Rachel O'Brien, Assistant Professor
Department of Chemistry
William & Mary
Photolysis of atmospheric organic aerosol: chemical transformations and photo bleaching
Abstract: Organic aerosol particles can influence the climate through either directly absorbing or scattering solar radiation or by acting as nuclei for cloud droplets. Some aerosol particles are dominantly scattering while others contain organic molecules that can absorb solar radiation in the visible region, termed brown carbon (BrC). We still have large uncertainties in the magnitude of these climate effects and a better understanding of the removal rates for the particle mass and absorption properties (i.e. color) is needed. One removal process is photolysis, where absorption of solar radiation leads to fragmentation of the organic molecules and the loss of particle mass and/or color. However, the photolysis rates and the overall extent of mass that can be removed via direct photolysis in laboratory experiments does not match what is used in models and often differs from ambient measurements. In this talk, I will combine results from work in our lab looking at photolysis of biogenic secondary organic aerosol as well as BrC from biomass burning organic aerosol to evaluate gaps in our ability to predict the observed ambient removal rates. By probing complex mixtures from recent biomass burning experiments (e.g. FIREX samples), I will demonstrate that our current measured rates in the laboratory are overestimated and that a slower photolysis rate, as well as a potential gas-phase oxidation rate, should be used to predict the role of photolysis on organic aerosol lifetime in the atmosphere.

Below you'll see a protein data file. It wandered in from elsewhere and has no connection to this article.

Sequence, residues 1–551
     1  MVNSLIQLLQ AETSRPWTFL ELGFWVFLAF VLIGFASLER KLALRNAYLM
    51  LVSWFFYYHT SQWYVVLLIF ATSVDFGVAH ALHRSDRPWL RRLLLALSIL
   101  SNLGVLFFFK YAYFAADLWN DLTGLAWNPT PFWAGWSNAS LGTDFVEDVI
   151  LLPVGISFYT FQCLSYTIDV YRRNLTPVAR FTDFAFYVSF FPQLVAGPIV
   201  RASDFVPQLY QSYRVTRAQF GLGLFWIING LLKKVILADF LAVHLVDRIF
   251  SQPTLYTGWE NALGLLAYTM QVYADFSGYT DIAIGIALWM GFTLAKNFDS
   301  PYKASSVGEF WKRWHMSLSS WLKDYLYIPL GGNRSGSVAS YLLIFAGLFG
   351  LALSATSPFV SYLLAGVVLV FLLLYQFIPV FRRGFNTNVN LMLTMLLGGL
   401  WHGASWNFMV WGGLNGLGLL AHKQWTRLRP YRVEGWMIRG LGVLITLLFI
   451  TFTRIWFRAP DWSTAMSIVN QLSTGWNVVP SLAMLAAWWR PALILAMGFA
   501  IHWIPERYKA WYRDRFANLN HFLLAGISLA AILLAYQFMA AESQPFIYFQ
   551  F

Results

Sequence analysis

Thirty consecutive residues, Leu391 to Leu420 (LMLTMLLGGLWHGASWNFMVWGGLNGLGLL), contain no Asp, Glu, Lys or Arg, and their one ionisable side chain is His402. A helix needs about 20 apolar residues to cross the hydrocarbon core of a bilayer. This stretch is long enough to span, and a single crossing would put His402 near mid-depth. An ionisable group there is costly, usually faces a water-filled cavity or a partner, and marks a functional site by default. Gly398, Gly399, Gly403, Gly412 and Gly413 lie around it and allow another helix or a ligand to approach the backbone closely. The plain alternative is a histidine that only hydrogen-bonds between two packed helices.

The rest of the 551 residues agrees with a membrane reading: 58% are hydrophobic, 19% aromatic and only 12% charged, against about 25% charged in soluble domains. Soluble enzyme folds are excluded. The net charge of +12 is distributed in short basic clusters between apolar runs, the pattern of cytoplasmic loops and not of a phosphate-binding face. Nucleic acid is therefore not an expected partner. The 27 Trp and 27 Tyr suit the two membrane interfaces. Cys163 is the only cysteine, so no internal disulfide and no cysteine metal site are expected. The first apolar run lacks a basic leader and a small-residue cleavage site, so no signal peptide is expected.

Bio: Rachel O’Brien is an Assistant Professor of Chemistry at William & Mary and she earned her Ph.D. from UC Berkeley studying oligomeric materials in ambient secondary organic aerosol. She worked as a postdoc at LBNL imaging aerosol particles with soft x-rays as well as at MIT where she characterized aerosol aging with an Aerosol Mass Spectrometer. Rachel’s research group focuses on characterizing organic aerosol particles and organic films on indoor surfaces by studying the chemical composition and the products formed during atmospheric aging. Future research in her lab will also involve field and laboratory experiments looking at the role volatile chemical products pay in OA formation as well as investigations targeting indirect photolysis as a removal mechanism for OA in the atmosphere.
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